What was the most surprising thing about business school? I have been surprised and thrilled with the outside opportunities afforded to Scheller MBA students. I didn’t realize that I might have the opportunity to work with local angel investors. But through the TI:GER program, I have become the lead analyst for the Atlanta Technology Angels group. I help screen early stage companies (about 50 each month) to determine if they are an interesting opportunity or a dead end. I also attend the monthly member meetings and different educational events. It is such an amazing opportunity to be part of the Atlanta community and exposed to some of the best and brightest minds in the technology scene.
What was the hardest part of business school? The hardest part of business school is learning how to balance all the competing interests. During my first semester, I enrolled in extra classes and signed up for many clubs and all the intramural sports possible. I competed in case competitions and had a full time (14-hour) graduate research assistant position. It was crazy. But I learned that time is my most valuable commodity and I needed to intentionally allocate it based on my priorities. It was difficult picking and choosing because I wanted to do it all!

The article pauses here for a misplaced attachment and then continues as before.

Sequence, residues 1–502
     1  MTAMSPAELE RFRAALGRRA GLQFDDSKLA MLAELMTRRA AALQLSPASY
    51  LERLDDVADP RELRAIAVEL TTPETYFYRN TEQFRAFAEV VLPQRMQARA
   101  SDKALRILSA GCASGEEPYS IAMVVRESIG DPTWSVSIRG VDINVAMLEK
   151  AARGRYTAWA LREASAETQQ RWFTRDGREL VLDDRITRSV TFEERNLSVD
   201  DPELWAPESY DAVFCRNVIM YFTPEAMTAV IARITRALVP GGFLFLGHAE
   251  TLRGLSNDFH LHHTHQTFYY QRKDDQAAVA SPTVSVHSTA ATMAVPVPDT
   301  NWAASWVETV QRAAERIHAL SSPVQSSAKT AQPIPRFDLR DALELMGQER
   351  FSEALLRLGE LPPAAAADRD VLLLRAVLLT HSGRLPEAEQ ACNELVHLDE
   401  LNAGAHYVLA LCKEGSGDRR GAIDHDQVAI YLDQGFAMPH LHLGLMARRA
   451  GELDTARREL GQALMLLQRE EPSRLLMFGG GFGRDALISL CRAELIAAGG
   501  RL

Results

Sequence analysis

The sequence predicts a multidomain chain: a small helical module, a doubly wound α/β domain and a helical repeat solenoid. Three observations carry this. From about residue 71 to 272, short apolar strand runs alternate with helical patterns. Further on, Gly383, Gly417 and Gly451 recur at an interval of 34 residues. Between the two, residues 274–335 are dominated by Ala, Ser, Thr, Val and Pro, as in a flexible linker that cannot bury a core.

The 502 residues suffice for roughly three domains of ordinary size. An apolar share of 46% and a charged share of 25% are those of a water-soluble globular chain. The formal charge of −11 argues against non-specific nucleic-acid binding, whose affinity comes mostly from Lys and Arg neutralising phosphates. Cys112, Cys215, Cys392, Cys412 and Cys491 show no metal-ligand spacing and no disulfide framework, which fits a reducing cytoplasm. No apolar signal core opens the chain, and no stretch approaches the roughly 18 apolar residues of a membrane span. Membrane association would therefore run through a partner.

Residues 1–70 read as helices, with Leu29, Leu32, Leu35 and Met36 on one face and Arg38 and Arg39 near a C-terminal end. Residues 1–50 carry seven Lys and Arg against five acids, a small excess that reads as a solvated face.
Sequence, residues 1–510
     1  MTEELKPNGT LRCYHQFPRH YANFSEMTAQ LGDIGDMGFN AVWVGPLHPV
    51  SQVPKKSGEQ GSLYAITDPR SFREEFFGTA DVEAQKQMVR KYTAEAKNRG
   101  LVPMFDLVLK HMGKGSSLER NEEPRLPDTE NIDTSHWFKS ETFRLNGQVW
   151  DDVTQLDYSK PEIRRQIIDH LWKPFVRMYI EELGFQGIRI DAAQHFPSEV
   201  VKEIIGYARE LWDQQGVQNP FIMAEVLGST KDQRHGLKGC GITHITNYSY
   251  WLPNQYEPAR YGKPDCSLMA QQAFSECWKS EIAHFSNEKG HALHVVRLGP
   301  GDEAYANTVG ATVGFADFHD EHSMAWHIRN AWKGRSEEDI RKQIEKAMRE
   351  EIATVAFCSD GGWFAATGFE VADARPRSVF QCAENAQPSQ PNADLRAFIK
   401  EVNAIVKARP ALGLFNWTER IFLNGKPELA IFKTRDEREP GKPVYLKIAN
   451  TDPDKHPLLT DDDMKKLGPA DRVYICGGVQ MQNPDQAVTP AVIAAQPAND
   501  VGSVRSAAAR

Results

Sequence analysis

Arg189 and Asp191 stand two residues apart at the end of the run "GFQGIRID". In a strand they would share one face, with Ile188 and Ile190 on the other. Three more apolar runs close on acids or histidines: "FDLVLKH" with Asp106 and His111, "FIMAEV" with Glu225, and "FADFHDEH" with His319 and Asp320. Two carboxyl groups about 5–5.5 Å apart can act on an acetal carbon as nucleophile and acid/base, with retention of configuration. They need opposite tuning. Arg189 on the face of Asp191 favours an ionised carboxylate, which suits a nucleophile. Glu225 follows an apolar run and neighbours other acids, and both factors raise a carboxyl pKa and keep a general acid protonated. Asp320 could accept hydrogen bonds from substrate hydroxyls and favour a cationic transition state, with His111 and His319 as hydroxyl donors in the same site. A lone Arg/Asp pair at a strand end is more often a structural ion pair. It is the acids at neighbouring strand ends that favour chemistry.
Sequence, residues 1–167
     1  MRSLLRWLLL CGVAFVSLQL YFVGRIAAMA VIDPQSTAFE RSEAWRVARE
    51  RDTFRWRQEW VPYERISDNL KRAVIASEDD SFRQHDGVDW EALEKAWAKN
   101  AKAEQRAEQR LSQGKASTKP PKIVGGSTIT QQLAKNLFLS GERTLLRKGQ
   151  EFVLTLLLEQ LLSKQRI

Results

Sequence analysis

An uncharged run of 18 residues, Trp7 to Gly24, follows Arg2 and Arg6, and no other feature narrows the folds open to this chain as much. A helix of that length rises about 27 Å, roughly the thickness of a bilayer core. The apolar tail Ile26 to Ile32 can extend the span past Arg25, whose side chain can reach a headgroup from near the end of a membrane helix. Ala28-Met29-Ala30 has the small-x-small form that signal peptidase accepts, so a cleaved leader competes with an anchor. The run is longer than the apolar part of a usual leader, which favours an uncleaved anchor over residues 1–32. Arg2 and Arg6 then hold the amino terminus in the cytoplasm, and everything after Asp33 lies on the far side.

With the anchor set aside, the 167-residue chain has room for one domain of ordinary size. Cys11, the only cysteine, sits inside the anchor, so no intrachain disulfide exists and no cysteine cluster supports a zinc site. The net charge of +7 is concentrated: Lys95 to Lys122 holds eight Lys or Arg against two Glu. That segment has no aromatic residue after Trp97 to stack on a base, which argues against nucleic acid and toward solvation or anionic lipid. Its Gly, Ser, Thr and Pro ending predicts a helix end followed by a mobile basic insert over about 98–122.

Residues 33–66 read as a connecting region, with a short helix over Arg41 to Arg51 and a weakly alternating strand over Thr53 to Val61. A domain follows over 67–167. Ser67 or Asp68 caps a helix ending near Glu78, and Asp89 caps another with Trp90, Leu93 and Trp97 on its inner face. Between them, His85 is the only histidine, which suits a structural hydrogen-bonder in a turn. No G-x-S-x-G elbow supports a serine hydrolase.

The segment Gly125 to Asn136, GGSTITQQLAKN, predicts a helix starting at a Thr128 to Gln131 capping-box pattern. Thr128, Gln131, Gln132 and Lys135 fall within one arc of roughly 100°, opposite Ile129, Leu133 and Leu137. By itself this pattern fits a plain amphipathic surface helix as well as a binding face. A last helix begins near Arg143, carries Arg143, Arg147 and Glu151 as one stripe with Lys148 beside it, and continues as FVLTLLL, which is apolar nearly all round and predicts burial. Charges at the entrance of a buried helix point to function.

What’s your best advice to an applicant to your school? My best advice to an applicant to Scheller is to get involved. You are at a school that offers numerous options to work with people within the school and within the Atlanta community. You just have to seize the opportunities. I would tell applicants to apply for the TI:GER program; ask to help with GTRI projects; seek out alumni in the Atlanta Technology Angels group; and take the practicum courses during which you work with companies like Delta and Nike. I would also tell them to participate in case competitions. I had the chance to travel to Vancouver as a finalist in the Investment Banking competition, travel to Boulder, Colorado as a finalist in the Net Impact case competition in where we placed third overall, and work on a Zurich Insurance Risk Analysis Project. I would advise applicants to disregard any advice from people saying to “take it easy.” Get out of the building and try new things!
“I knew I wanted to go to business school when…I met the MBA career advisors at Scheller.”
“If I hadn’t gone to business school, I would be…under the mistaken belief that B2B was a band.”
Which executive or entrepreneur do you most admire? I most admire my dad. He is a self-employed peanut broker. I remember when I was younger how stressed my parents were as my dad tried to get his business up and running. But my dad stuck with it and has now been in the business for over 30 years. He always taught us that if you do the right thing, over the long-run you’ll be rewarded. I am convinced, from seeing his example, that he is right.